Dress code: big city vs small town experience

I used to live in a big city. Yes, the big city with lots of people, traffic, and general noise. I never really knew that city, and never felt like I belonged. When I came to a small town, I tried to fit in. Everyone needs to belong somewhere, so for me it could as well be the first small town I stepped my foot into. I walked around trying to get to know people, and be like them, because I was a no one and did not belong. I became good at imitating locals and could as well pass for a small town person. Or at least that’s what I thought was happening.

My today’s trip to a nearby city shattered my ideas about where I belong. As I was walking through the mall, I was feeling surprisingly comfortable with crowds of people around, which is, of course, normally not the case for people from small towns. A second later, I caught myself trying to smile at the people passing by – my smile being met by blank faces. A thought occurred to me, what if I, indeed, am a small town person. Everyone was wearing what a few years ago I would have called daily casual – and what I would call dress-up clothes now. I was wearing my casual – which meant a black tee a size and a half bigger than I am, and a random pair of black rolled up pants – with guys’ flip flops on my feet, because they are comfy. I felt out of place, lost, and could hardly believe what has happened. A few salespeople asked me whether I was not from there – meaning, not from a big city. To them I was a country person – some weird freak who should have been hiding in her village instead of coming to the gathering of people called the mall. And I was not pretending. That’s who I was. That’s who I am. And I have to admit, I am sad I lost my big city culture. I used to be able to pick out a stunning outfit in a few minutes and enjoyed wearing nice clothes. Now jeans and a sweatshirt is the limit to my creativity. I don’t see the point of wearing nice clothes, neither do I want to spend time trying to buy nice clothes. I am indeed a small town person. Not just pretending. How the hell did that happen? How did I lose the skill I never realized I had?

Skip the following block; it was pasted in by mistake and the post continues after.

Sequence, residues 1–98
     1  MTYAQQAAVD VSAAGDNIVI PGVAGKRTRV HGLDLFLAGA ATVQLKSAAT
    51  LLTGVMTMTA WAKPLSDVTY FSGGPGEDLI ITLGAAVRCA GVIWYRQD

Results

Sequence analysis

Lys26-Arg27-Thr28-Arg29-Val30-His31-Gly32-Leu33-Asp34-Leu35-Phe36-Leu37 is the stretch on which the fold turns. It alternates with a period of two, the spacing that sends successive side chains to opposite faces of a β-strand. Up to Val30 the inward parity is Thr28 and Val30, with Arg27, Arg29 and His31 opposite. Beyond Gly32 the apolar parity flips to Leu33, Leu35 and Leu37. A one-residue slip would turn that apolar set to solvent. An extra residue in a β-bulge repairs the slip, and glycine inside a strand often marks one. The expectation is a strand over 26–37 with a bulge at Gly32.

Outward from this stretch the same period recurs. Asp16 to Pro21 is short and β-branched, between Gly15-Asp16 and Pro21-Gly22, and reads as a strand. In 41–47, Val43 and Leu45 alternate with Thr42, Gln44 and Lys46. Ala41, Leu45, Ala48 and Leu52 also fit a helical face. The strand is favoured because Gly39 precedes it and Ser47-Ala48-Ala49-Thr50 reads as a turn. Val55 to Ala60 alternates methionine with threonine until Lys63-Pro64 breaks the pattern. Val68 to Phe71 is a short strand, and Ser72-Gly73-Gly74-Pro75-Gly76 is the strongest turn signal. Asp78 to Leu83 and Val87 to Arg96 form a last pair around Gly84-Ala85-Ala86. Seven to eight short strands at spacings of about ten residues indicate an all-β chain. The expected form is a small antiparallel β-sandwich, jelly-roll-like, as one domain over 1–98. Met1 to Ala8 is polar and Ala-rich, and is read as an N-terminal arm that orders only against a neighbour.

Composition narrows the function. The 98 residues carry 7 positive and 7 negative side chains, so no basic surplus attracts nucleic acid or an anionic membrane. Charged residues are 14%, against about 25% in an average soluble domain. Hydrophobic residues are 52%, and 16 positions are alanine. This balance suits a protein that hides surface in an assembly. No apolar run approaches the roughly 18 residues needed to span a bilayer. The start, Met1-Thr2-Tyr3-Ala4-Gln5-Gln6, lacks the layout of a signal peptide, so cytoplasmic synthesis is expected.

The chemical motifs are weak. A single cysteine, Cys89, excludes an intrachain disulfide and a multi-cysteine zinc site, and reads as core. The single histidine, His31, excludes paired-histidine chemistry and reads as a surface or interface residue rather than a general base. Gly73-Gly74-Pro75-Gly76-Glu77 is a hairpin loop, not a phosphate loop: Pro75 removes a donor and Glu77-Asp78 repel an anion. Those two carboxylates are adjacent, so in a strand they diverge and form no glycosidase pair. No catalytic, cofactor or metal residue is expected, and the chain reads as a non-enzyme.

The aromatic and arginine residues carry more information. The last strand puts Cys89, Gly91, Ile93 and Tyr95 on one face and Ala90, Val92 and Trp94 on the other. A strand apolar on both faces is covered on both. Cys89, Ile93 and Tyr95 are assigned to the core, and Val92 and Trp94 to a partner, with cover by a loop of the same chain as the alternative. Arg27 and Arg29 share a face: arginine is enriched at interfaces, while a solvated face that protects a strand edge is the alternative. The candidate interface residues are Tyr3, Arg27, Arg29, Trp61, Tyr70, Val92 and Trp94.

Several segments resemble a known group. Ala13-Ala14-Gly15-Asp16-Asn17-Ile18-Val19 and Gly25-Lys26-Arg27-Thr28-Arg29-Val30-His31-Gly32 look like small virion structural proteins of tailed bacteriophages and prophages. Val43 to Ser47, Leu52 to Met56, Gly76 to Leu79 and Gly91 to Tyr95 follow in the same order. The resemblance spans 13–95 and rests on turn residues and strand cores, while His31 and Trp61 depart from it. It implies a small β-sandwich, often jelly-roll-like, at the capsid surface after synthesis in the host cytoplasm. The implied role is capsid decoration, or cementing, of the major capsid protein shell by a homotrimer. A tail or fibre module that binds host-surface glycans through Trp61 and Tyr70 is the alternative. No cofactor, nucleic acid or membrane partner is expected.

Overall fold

The funny thing is, I don’t belong to the small town either.

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Facing my life

In the last 24 hours I somehow faced my past, my present, and my future. And somehow I handled looking at it all without getting frustrated, depressed, sad, guilty, or whatever other feelings thinking about those might bring. Today, every second that I had to deal with something, like a memory, an idea, or the way my life is, or my options after graduation – whatever it was, I looked at it and I allowed myself to openly think about it and feel it. Some of the stuff I was looking at was scary, and some of it was painful. Some of it made me feel good about myself. Some of it was hopeful, and some – inevitable. A lot were facts that were just there – they did not deserve my stress, or my time – and they used to get a lot of both. I was surprised how I managed to face that all like that. It felt weird, but it was interesting and made me see new things in myself and in people around, as well as in my past, present, and future. I am starting to feel hopeful that I will get out of the hole called my past, and maybe, just maybe, will learn to enjoy my life for what it is.